Stop measuring things that don’t matter. Start measuring what matters.
Yesterday at the Willow Creek Association Global Leadership Summit, author, speaker, and former CEO of HP Carly Fiorina (@CarlyFiorina) reminded everyone about the importance of measuring. Today, the topic came up heavily in the morning sessions here in Chicago as well.
Stop measuring things that don't matter. Start measuring what matters. Click To Tweet
The basic truth: we measure what matters.
A few important questions before we dive in:
– Is the pet project that matters to you what truly matters to the organization?
– Is what currently matters what should matter?
– How can you foster alignment of what matters to individuals with what matters to your organization?
If you are used to measuring what you do or if you aren’t sure what should matter, take a look at the process below. As we coach leaders, this process helps leaders gain clarity in terms of focus, strategy, metrics, and much more. But more than focus, this process helps leaders restore quality-of-life to their daily routine as they do less and yet do more.
1) Decide to measure what matters
Unless you decide to measure what matters, an outside consultant, a coach, mentor, or whatever approach you take will not yield results. Leaders are good at reorganizing things and finding themselves in the same spot. If I’m honest, I have made this mistake many times myself.
Make a decision today to measure and celebrate what truly matters to you and your organization.
2) Define what matters
If you don’t define what matters, you and those around you will assume everyone shares the same goals and priorities. Rarely do teams have that level of alignment without intentionality. It is impossible to measure what matters if the team is unclear about what things actually do matter.
3) Identify what you are currently measuring
Leaders often struggle with this one. I think most leaders can easily define what they are measuring. However, it can be painful to see written down the things that you’re actually measuring.
A simple example of this is your website. Many people are proud that they have consistently written a different blog post each day for the past however many years. But what does that say about you and your goals? Are there better things to measure? What if you measured traffic to your website? Or even better, what if you measured engagement, subscriptions, new clients, and other sales? Measuring these things would have a much better effect on the goals of your organization, business, or church.
4) Create metrics that matter
Once you’re committed to the process, have defined what matters, and have identified what you are currently measuring, you can start creating metrics to measure what matters. Ask yourself the question, what could we measure that would tell us whether or not we are accomplishing our mission?
Beware that this can be a painful process. Your team likely values what it is currently measuring. Changing what you’re measuring will create instability and a brief chaos.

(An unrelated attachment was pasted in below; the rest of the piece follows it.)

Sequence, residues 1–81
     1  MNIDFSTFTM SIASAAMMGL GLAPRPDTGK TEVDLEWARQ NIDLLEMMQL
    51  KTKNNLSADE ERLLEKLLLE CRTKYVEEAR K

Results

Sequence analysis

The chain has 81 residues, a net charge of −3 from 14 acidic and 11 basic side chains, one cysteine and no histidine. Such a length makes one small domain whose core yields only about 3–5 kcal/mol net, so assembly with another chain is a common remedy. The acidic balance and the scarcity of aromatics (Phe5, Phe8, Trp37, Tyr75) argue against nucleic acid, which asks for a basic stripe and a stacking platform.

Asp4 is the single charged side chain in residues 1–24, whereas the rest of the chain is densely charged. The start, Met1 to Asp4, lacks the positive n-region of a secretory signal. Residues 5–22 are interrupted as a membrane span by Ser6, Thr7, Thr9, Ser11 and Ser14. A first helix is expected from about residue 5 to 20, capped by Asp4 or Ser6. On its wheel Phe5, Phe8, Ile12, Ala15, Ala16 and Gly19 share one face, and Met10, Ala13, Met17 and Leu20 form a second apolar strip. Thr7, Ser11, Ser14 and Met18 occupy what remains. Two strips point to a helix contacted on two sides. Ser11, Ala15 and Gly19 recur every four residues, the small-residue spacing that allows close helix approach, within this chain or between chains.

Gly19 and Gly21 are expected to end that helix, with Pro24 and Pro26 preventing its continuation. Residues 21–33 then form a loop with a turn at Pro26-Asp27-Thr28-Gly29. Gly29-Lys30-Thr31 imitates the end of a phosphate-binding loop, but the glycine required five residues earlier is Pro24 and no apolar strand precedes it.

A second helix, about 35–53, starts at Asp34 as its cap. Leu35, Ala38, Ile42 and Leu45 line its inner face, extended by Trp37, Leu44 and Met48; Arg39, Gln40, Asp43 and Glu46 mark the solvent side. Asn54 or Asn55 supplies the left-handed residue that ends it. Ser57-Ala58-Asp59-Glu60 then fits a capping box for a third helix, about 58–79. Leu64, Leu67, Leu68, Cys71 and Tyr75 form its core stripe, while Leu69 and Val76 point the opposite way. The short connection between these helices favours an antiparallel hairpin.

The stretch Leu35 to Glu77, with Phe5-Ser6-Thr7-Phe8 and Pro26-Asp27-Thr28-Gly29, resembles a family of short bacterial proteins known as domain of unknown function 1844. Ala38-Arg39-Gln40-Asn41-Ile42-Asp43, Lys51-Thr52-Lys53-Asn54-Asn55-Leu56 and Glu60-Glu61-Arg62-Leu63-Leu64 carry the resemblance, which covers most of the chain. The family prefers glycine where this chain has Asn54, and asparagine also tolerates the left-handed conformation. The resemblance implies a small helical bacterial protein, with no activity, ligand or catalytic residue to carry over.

5) Align individual, team, and organizational metrics
Whether you lead a small team or a multi-national corporation, misaligned metric creep into your process and team over time. But even if you create all new metrics as a team, make sure to take it a step further to align your individual, team, and organizational metrics around a common mission and vision.
When you have not only missional metrics but aligned missional metrics your team will start to realize its vision and accomplish the mission.
6) Stop and measure your effectiveness
Unused metrics help as much as an unused exercise bike. If you create metrics and neglect to measure, you’ve wasted your time and reduced your effectiveness.
7) Make mid course corrections
No one creates a perfect system the first time. After you have measured, either change the things you’re doing or the things you are measuring or both. If you commit to measure what matters, you also must commit to refine your work.
8) Celebrate the small victories
One of my early mentors reminded me to celebrate small victories every time I saw him. He realized that life and leadership are hard. He knew that individuals, teams, and organizations could never survive without taking time to celebrate both the small and the large victories.
9) Get feedback from your team
If your team values your mission, they have ideas to improve your strategy, your actions, and your results. Don’t just listen to them. Proactively seek their input.
10) Hold your strategy and your metrics loosely
When you begin to prioritize the strategy over the mission, your results will deteriorate and your strategy will become antiquated. They committed to the mission. Stay flexible with your perspective on your strategy and metrics.
Always remember that returning to step one does not indicate failure but intentionality. If something isn’t working, don’t allow it to continue. Make a change to measure what matters. Walk through this process again.
What would you add to this process? Perhaps your team or organization is partially through this process. What steps do you need to take to move all the way through it and see the results that you, your team, and your organization desire?
Leave a comment below with your replies and let us know what ideas you have to improve this process and start to measure what matters.
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